Australia has the world's highest uptake of home solar energy, with the large shiny panels a familiar sight on rooftops across the country.
More than two million households have installed rooftop solar systems - over a fifth of all homes.
The solar panels, often subsidised by state governments, have helped cut carbon emissions and reduced the need for coal-fired power while allowing homeowners to lower their energy costs.
Households can sell excess solar energy back to the electricity grid or store it in batteries. The average power saving per house is believed to be about A$540 (S$514) a year.
The rollout has continued at a frenetic rate, with an average of six panels installed per minute around the country. But the boom has led to growing concerns about how to dispose of all these panels and batteries when their life ends.
Experts say Canberra needs to quickly address the problem, especially since China last year stopped accepting recycling waste from Australia and some other countries.
The panels, made mostly of glass, can contain potentially hazardous materials such as lead and cadmium which can leak into the soil and groundwater if they are buried in landfill.
Three experts at Griffith University, Professor Rodney Stewart, Mr Hengky Salim and Dr Oz Sahin, have called on Australia to develop the ability to recycle solar panels and batteries. In addition, they said, businesses and importers should be required to source systems that are designed to be reused or recycled.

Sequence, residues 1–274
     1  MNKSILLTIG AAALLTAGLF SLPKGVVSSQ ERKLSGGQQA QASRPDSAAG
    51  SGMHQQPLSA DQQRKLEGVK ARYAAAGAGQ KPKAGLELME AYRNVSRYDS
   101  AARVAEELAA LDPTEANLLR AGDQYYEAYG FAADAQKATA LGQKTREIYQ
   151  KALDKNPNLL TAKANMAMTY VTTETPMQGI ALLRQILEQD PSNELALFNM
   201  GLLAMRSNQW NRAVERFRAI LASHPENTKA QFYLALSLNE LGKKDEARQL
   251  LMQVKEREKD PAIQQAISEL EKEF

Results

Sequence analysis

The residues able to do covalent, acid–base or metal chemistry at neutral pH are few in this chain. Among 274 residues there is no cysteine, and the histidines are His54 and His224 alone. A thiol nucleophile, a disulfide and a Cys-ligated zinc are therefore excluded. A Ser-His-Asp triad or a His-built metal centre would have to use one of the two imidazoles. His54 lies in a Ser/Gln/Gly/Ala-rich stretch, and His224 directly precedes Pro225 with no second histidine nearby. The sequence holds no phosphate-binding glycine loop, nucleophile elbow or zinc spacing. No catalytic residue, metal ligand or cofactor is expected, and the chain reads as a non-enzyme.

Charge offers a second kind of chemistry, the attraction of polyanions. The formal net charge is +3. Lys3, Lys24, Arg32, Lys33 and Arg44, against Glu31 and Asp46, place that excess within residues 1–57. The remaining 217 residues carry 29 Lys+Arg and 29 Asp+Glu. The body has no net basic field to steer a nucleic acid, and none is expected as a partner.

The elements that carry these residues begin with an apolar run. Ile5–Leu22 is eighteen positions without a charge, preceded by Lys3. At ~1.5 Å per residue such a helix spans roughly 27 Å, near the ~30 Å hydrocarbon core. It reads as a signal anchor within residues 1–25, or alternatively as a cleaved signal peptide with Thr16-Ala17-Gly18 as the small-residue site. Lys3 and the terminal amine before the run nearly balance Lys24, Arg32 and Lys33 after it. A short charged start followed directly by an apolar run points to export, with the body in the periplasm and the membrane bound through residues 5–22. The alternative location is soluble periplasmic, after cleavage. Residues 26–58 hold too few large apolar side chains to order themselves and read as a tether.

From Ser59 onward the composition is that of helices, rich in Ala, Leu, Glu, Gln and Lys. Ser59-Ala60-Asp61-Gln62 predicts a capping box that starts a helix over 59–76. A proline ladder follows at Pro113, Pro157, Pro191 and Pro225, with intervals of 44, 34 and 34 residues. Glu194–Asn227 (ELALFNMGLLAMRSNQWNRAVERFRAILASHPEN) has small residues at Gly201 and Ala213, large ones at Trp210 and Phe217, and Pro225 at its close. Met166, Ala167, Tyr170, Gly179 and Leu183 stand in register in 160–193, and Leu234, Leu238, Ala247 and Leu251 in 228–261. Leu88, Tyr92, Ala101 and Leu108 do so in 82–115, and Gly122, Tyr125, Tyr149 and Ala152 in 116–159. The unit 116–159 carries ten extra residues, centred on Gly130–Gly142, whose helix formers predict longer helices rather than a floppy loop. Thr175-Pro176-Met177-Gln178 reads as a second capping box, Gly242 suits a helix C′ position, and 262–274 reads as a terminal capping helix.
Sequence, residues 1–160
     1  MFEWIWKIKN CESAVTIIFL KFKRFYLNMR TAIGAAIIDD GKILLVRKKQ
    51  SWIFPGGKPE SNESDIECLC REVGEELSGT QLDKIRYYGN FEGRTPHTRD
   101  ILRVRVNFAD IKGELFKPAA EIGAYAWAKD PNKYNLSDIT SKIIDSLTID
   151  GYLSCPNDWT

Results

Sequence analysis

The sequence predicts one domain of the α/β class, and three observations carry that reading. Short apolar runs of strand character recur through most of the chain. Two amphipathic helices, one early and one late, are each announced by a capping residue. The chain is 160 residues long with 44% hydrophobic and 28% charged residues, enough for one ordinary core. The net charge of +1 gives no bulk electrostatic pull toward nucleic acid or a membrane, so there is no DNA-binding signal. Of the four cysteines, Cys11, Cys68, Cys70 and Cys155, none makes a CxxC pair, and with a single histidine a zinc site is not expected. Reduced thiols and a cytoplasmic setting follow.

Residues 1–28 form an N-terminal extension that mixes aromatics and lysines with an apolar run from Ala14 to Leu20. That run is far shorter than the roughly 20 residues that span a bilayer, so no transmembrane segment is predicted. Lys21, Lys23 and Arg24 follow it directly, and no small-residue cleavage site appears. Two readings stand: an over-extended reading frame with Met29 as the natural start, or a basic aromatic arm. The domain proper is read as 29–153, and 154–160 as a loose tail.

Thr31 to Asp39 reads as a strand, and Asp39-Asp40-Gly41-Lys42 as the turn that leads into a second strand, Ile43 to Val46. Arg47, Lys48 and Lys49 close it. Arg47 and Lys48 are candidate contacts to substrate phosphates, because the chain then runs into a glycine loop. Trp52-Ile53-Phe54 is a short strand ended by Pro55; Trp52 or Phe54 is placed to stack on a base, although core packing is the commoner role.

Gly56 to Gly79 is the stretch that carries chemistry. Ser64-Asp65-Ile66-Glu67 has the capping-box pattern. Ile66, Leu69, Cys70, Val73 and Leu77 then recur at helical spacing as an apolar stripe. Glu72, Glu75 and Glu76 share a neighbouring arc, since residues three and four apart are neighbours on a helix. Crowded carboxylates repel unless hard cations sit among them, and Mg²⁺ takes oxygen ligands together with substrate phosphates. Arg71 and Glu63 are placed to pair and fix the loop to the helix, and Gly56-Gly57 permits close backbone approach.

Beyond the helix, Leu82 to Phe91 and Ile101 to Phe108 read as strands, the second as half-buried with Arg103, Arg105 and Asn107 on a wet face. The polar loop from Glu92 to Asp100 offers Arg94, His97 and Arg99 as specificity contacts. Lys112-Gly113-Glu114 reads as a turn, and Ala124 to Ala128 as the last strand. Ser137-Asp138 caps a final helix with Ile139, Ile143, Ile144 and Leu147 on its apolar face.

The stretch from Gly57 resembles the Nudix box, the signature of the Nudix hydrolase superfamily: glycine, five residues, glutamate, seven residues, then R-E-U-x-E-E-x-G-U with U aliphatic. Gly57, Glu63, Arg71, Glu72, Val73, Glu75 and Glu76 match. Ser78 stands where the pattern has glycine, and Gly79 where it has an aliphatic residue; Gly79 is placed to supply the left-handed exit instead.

Number of households in Australia that have installed rooftop solar systems - more than a fifth of all homes. The panels, often subsidised by state governments, have helped cut carbon emissions and reduced the need for coal-fired power while allowing homeowners to lower energy costs.
"Even if China were to suddenly start accepting Australia's waste again - an unlikely proposition - we cannot simply export our problem," they wrote on The Conversation website on June 17. "If not addressed, ageing solar panels and batteries will create a mountain of hazardous waste for Australia over the coming decades."
Australia's hot and dry climate is particularly suited to solar energy production. Most home panels last 20 to 30 years, and some are already reaching the end of their shelf life. By 2047, Australia is expected to have about 800,000 tonnes of solar panel waste.
Much of the solar waste is said to be destined for the landfill. South Australia-based firm Reclaim PV, believed to be the first dedicated recycler of panels, said in March it was recycling about 40,000 a year.
Some states have begun to take action. Victoria this week began a ban on sending solar panel materials to the landfill. This is part of a larger scheme for electronic-waste products. It bars households from throwing away products such as phones, TVs, kitchen appliances and laptops in standard bins. Instead, these items must be left at dedicated drop-off points.
The aim is to ensure such waste is reused. "E-waste contains valuable materials that we can recover and reuse, but if left in the wrong place, they can also harm the environment and human health," said Environment Minister Lily D'Ambrosio last month.
State and federal governments are also looking to develop a national plan to encourage producers, retailers and consumers to recycle, reuse or safely dispose of solar panel components. The plan is expected to be in place by next year.
Most solar panels should last decades, but there are concerns that Australia's installation rush has led to some low-quality products or poor fitting.
The concerns have not slowed the rate of installations, with official data showing that the uptake of panels continues to grow.
A recent report said more than half of Western Australia households will have solar panels within a decade. This growth in home-generated energy is set to lead to the state's first drop in demand for electricity consumed from the grid, despite a rising population.